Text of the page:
Cuz, like, dude, the tube's like totally awesome 'n stuff!

Jason Aase

Orem, Utah

Keryn Tobler

Las Vegas

Jared Lyman

Los Alamos, N.M.

Emily Bartlett

South Jordan, Utah

Saturday, February 04, 2006

With a name like Varadarajan...

Tunku Varadarajan is upset by the mayor of Los Angeles giving a response to the State of the Union in Spanish.
I am a first-generation migrant to this country. I believe that in settling abroad, foreigners make a brutal contract with their land of adoption. They may speak their language, eat their food and practice their religion--but at home or by private arrangement. That is as far as I would go with multiculturalism. All else--including an insistence on a public affirmation of ethnic frills and fancies--cripples the process of integration.

He goes on to explain why he is bothered by the mayor choosing to give a public speech in a foreign tongue.
Mr. Villaraigosa chose to emit his message specifically in Spanish, and by doing so he sent a clear signal of his chosen tribal identity (and not just the accident of his birth). That may help him with his vote bank, but it will not help his city. Ultimately, it will distance his primarily Mexican-American audience from their neighbors, including other immigrants.

Varadarajan says, "Why not a response in Farsi or Korean--languages spoken by people toward whom Mr. Villaraigosa has no fewer mayoral duties than he does toward his Hispanophones?" I had thought of the benefits of public business always being conducted in the national language. I hadn't thought of the risks of alienation to other linguisitic minorities.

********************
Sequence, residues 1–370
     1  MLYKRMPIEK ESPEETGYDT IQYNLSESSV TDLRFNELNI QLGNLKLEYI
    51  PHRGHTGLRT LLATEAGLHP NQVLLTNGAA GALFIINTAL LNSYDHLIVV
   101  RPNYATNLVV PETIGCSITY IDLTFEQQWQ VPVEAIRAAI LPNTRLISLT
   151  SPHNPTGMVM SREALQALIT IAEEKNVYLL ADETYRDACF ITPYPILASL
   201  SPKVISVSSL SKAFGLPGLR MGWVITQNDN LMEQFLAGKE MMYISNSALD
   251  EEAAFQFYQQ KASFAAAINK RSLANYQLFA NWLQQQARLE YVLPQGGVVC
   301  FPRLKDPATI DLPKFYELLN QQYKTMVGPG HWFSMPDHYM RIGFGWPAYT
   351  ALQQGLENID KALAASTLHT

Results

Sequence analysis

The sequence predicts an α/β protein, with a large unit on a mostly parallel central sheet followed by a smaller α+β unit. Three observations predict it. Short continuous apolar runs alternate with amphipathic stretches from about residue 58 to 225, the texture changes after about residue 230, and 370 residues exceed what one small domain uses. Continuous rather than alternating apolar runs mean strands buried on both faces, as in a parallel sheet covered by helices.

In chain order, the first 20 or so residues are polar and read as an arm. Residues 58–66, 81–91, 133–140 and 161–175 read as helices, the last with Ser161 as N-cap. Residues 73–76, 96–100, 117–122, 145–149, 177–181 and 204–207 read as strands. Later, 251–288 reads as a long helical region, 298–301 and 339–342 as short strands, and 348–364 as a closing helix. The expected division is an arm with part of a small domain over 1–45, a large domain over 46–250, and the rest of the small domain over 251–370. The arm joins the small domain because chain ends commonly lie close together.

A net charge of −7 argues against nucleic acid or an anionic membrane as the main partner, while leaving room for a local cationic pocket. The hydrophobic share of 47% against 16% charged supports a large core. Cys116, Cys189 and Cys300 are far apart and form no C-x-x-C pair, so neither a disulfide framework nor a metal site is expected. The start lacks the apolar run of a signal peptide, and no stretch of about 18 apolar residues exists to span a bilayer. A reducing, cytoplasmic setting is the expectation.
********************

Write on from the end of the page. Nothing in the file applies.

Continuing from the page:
Wednesday, February 01, 2006

Don't Pity the "Former" Ford Employee

I've heard talk about how sad it is for the people that are going to lose their jobs as Ford closes plants. NPR carried a story that shattered any sympathy I have for these workers. Here are a few bits of my transcript from the complete story.
Micheline Maynard: Well, under the terms of the UAW contract, no one actually is fired. Under the contract, auto companies have to keep their plants “idle” until the end of the contract. In this case it will expire in the fall of 2007. So they can’t actually shut everything down, close the doors, and sell the property. They actually have to negotiate a plant closing in the national contract talks.

So while people are laid off from these idle plants, they’ll actually receive about 90% of their pay and they’ll get full benefits. So it’s actually very favorable coverage.

NPR: Does that apply to all the employees in these plants?

MM: Well, it does not apply to the salaried employees. Once the plant is closed, unless there’s another job inside Ford, the salaried employees essentially, just either can retire or they lose their jobs completely.

NPR: But for the employees on the line, they essentially will keep drawing a paycheck even though they are not working.

MM: That’s right.

NPR: How much do these employees earn?

MM: They earn about $27 an hour in straight pay. They also get cost of living allowances. And then if you fold the cost of their benefits in on top, it’s about $67 a worker.

NPR: And they would earn about 90% of that while in idle status?

MM: They would earn about 90% of that, so that would roughly be $55 to $60 an hour.

NPR: So it sounds like if you just read the headline on this story, “30,000 Jobs Cut By Ford,” you don’t get the whole story.

MM: You don’t.